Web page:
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From homeowner to renter — how to handle the transition

Before you sign a lease, make sure you've done your research: Check out the home itself, as well as the amenities and read online reviews to see how people like living there. (iStock) (iStock)

Maybe you’re an empty nester looking to downsize. Or you’d like a less maintenance-heavy lifestyle. Or you’re seeking flexibility as you start your life’s next chapter. These are just some of the reasons homeowners are going mortgage-free and choosing the rental lifestyle over homeownership. In fact, in a 2016 Pew Research Center survey, 32 percent of respondents said they rent as a matter of choice.

Here are some things to keep in mind if you’re thinking of transitioning from homeowner to renter.

Research, research, research: Before signing a lease, make sure you visit the property to get a feel for the place — not only the apartment you’ll be renting but also the common areas and overall community as well as the neighborhood. And check out online reviews to get a sense of what other residents have experienced.

Evaluate the amenities: Even if you downsize your living space to move into rental housing, the community can provide amenities to upgrade your lifestyle that may have previously not been an option. Ask yourself: What amenities will tip the cost-benefit scale for me? Then, make sure the community you’re exploring offers those services. An on-site gym or yoga room for working out, a pool for relaxing in the summer or a pet area to walk your dogs and socialize with other residents are all benefits to consider.

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Prepare for tax changes: Keep in mind, the switch from owning to renting might affect your taxes. When owning a home, mortgage interest and property taxes are often tax deductible — a benefit you lose when signing a lease. Talk to your accountant or financial planner to avoid any surprises at tax time. And be sure to ask about all your options, such as the possibility of writing off part of your rent if you work from home.

Update your monthly budget: If you’re a baby boomer looking to downsize, you may have had a consistent mortgage payment for the last 25 years. As you review your retirement savings and monthly spending, be sure to consider your new monthly rent payment (plus any additional expenses for utilities, parking, temporary storage, etc.) and plan for a gradual increase year-to-year.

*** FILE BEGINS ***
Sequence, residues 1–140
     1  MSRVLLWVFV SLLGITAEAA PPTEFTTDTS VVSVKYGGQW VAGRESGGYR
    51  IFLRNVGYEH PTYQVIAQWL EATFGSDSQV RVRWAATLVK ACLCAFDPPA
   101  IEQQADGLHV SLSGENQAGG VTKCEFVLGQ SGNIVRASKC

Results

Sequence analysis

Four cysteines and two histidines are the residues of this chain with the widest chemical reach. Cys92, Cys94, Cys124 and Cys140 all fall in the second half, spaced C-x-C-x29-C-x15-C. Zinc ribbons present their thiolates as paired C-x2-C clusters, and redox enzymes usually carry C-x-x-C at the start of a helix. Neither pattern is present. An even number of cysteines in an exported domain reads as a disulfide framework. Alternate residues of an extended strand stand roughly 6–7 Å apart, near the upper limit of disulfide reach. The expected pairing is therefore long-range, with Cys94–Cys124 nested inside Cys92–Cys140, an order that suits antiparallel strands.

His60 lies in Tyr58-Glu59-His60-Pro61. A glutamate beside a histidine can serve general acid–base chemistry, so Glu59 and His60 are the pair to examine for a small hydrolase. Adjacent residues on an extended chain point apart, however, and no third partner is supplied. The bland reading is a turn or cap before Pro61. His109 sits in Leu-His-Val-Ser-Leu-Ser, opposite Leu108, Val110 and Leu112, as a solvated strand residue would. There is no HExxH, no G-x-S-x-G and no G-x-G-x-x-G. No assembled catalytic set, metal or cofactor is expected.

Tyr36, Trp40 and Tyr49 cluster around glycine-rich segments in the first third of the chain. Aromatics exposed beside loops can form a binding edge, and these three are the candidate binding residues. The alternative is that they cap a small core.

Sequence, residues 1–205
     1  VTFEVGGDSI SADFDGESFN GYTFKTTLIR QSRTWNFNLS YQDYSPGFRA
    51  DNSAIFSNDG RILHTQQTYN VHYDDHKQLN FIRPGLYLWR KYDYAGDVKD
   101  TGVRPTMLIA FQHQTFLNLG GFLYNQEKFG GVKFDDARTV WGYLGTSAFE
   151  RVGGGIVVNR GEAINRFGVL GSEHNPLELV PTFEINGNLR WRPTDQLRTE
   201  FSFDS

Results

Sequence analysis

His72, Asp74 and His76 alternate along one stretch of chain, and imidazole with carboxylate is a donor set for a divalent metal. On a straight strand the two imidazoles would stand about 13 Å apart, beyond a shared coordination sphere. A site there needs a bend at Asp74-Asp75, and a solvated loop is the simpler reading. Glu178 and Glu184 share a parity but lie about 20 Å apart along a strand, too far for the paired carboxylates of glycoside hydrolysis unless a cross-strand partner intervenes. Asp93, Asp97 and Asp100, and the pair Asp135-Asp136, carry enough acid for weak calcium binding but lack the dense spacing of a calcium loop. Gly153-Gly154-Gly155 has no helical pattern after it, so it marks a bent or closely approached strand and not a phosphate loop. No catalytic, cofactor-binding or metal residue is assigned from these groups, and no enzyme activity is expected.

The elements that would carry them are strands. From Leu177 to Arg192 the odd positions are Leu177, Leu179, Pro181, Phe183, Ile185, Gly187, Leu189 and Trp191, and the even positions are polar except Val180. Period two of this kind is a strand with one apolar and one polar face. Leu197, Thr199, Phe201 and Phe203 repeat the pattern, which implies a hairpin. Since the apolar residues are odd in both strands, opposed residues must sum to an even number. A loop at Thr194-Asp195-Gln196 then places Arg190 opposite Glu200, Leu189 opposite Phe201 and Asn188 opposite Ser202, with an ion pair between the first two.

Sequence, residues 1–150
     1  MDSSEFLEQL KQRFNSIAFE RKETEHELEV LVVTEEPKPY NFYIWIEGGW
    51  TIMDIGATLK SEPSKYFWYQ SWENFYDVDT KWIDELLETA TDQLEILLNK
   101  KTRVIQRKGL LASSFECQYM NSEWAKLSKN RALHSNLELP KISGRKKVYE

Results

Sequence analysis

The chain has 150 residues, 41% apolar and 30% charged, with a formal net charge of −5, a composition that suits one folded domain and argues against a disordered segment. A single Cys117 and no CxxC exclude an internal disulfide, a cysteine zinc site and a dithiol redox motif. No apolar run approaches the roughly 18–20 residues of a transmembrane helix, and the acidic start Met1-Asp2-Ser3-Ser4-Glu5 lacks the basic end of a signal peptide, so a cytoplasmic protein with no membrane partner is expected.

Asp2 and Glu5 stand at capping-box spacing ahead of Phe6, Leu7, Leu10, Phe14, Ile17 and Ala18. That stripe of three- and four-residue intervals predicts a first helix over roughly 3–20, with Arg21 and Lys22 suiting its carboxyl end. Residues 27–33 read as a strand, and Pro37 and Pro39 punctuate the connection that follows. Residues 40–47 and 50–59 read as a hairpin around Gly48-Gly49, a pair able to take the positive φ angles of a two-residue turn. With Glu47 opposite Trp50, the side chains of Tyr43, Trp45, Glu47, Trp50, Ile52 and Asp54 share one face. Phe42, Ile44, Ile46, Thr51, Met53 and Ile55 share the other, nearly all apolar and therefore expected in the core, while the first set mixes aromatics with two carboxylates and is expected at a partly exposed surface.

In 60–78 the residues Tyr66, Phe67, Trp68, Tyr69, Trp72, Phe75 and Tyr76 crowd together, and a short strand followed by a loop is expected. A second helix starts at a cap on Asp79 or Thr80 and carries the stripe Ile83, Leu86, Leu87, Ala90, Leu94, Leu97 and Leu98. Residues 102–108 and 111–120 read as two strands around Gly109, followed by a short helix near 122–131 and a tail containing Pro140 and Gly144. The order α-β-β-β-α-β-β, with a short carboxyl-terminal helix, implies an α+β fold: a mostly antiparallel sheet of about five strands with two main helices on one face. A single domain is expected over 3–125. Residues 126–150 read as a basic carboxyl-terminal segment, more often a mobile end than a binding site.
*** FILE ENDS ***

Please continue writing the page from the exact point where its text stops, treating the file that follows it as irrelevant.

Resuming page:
“Marie Kondo” your life: Some individuals can’t wait to purge their basement storage pile, but for others, it can be difficult to part with some of those belongings. As you go through your home, consider each item — What do you use most often? What haven’t you used in more than a year? What are you holding onto for sentimental value? You may not be able to keep everything, but you can keep the things that mean the most.

Take these steps to help you downsize

Get creative with customization: If you’re worried about the limits or lack of control over decor in your rental, rest assured you do have opportunities to make a rental property your own. While you might not be able to paint the walls or install new flooring, with a little creativity, you can still customize your space. Removable wallpaper is a great choice for adding personality to a room. Other renter-friendly options include updating your window treatments (use tension rods to avoid drilling holes), using room dividers to change the flow and swapping out light fixtures (be sure to save the old ones to put back when you move out). Also if your old furniture doesn’t fit and you don’t know how long you will be at your new rental, many companies rent furniture for all design tastes.

Establish rapport: Once you’ve signed the lease, it’s helpful to build a strong relationship with your property manager or owner. You can help foster goodwill by paying your rent on time and being respectful neighbors.

Enjoy a low-maintenance lifestyle: One of the most compelling benefits of renting vs. owning is the maintenance-free lifestyle. As a renter, you won’t have to worry about mowing the lawn, shoveling snow or cleaning out the gutters. And when the dishwasher leaks or the air conditioning is on the fritz, you don’t have to worry about fixing it yourself. You just call your property manager to handle the repairs.

And without the need for maintenance, remember you can also free yourself from the stuff that goes along with it. That means you can sell or donate your tools and lawn-care items instead of moving them to your new rental home. Donations can be tax deductible in certain circumstances.

Making the transition from owning a home to renting doesn’t have to be daunting. With these tips, you’ll be ready to enjoy the flexibility, freedom and financial savings renting a home can provide.

Robert Pinnegar is president and CEO of the National Apartment Association, headquartered in Arlington.